A little normalcy in the pope’s library

Pope Benedict and Cindy Wooden

Cindy greets the pope! (CNS/L’Osservatore Romano)

VATICAN CITY — Almost nothing is normal at the Vatican these days.

I was surprised this morning that Pope Benedict XVI’s meeting with Romanian President Traian Basescu seemed so much like any other audience with a visiting head of state held in the last eight years.

The only difference was that after the president left, Salvatore Mazza and I were allowed to greet the pope on behalf of the International Association of Journalists Accredited to the Vatican. Mazza, a reporter for Avvenire, the Italian Catholic daily, is president of the association. I am secretary.

In the name of the more than 400 journalists permanently accredited to the Vatican, Mazza thanked the pope “for these eight years,” and I thanked him for his clear and patient teaching style.

The rest of the audience went by the book:

The president and his entourage arrived in the Apostolic Palace, walked by Swiss Guards at attention in the Clementine Hall, and then were led to a little waiting room for 10 minutes.

At 11:06, Pope Benedict greeted Basescu in the Room of the Throne, saying, “Welcome, welcome.” The president thanked the pope for allowing him to keep the appointment set long before Pope Benedict announced his resignation. The pope told him again that he was welcome and turned the president so they both were facing photographers.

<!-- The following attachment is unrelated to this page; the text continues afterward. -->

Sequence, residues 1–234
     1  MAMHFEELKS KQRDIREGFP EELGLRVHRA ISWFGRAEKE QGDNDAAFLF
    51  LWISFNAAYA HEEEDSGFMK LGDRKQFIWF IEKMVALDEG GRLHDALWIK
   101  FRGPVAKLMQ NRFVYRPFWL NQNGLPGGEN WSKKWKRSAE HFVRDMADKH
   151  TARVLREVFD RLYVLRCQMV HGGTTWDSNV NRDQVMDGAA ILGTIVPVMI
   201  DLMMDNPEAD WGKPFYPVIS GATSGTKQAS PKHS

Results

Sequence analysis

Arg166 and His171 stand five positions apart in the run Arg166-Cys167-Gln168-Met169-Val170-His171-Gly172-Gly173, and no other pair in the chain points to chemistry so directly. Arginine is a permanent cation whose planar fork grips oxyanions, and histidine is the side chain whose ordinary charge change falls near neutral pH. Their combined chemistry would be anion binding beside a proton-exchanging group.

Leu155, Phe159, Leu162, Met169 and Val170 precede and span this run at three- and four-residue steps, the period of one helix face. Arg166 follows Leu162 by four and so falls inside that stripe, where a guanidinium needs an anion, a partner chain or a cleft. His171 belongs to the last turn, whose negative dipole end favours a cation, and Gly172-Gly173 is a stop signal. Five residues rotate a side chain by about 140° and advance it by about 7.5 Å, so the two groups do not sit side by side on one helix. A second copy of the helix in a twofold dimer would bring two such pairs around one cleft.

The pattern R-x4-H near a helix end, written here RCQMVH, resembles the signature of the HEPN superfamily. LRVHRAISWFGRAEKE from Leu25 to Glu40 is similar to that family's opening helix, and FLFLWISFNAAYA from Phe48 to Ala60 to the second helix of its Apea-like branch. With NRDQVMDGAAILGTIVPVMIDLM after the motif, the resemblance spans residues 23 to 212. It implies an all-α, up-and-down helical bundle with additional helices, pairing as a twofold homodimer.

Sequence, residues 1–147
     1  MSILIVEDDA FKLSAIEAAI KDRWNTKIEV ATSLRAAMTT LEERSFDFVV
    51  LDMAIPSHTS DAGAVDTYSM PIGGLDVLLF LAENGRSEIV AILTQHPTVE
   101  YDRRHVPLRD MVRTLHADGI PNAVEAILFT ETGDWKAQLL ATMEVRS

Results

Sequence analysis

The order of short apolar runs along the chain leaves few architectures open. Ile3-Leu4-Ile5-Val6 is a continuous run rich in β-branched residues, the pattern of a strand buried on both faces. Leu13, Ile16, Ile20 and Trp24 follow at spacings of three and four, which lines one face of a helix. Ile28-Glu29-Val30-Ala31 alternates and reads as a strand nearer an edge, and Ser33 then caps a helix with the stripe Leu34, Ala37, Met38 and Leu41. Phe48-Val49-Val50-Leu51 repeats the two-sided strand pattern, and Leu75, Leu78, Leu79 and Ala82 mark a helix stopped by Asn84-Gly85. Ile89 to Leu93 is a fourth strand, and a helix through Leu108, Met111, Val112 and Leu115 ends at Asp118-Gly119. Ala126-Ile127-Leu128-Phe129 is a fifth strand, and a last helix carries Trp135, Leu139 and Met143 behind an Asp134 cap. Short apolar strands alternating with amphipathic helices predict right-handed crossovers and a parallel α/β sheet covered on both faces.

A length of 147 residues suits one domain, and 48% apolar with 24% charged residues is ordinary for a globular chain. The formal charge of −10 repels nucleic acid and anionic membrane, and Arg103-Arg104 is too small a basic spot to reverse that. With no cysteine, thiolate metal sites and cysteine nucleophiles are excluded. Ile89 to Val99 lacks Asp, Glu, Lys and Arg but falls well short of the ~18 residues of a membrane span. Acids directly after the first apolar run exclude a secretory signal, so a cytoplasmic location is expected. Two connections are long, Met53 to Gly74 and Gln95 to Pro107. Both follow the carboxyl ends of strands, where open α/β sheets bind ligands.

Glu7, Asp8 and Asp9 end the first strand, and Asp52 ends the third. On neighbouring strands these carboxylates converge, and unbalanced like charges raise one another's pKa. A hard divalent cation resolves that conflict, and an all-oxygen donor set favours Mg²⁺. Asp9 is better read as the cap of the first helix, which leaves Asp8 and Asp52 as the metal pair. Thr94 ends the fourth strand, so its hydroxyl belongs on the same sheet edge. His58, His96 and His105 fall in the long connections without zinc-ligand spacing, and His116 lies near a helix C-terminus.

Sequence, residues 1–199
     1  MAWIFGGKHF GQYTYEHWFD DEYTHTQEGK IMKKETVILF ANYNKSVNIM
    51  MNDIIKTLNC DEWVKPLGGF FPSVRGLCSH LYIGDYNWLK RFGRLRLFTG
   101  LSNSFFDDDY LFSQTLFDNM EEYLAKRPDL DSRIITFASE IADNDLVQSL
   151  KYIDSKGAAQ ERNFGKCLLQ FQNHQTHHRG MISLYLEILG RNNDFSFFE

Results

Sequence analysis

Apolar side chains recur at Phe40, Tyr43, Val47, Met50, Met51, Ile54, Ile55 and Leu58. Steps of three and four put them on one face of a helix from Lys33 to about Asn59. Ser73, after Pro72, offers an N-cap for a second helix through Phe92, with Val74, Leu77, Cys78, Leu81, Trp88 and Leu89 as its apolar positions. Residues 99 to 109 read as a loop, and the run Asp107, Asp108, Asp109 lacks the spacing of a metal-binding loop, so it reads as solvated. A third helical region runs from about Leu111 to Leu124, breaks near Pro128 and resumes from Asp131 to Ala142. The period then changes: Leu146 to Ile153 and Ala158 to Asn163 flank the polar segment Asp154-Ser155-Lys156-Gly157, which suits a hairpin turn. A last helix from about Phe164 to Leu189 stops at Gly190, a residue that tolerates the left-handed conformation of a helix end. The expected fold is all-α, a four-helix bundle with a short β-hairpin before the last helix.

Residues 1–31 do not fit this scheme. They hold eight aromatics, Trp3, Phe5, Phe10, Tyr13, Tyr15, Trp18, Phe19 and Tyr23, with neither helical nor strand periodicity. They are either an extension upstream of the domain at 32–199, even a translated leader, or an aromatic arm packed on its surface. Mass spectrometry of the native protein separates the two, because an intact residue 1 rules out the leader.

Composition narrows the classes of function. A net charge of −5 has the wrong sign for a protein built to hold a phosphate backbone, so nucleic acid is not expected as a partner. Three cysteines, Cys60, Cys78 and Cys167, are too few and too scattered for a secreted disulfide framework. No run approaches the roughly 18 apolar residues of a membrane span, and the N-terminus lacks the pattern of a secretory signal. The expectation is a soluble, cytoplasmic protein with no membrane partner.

Pope Benedict led the president into his private library, where the two sat on either side of the pope’s desk and had a private conversation for almost 20 minutes.

The journalists, who had been led to a small waiting room during the private meeting, were escorted back into the papal library as Basescu presented the 12 members of his entourage.

The Romanian gave Pope Benedict a huge book, made of handmade paper, recounting the history of Christianity in Romania. He told the pope it was made under the supervision of the Romanian Orthodox Church.

After turning several pages of the book, the pope told Basescu, “My gift is modest.”

Nestled in a large white gift box was a medal in a filigree frame. “It’s a medal of my pontificate,” the pope said.

Pope Benedict walked Basescu to the door of the library. Gripping the pope’s hand, the president said, “I will pray for you.”

The pope has another presidential audience scheduled for tomorrow morning: a meeting with the president of Guatemala, which also was on the pope’s agenda before he announced his resignation.

Only two politicians received appointments with the pope after the Feb. 11 announcement: tomorrow evening Pope Benedict will hold a private meeting with Italian Prime Minister Mario Monti and the morning of Feb. 23 he will meet Italian President Giorgio Napolitano.

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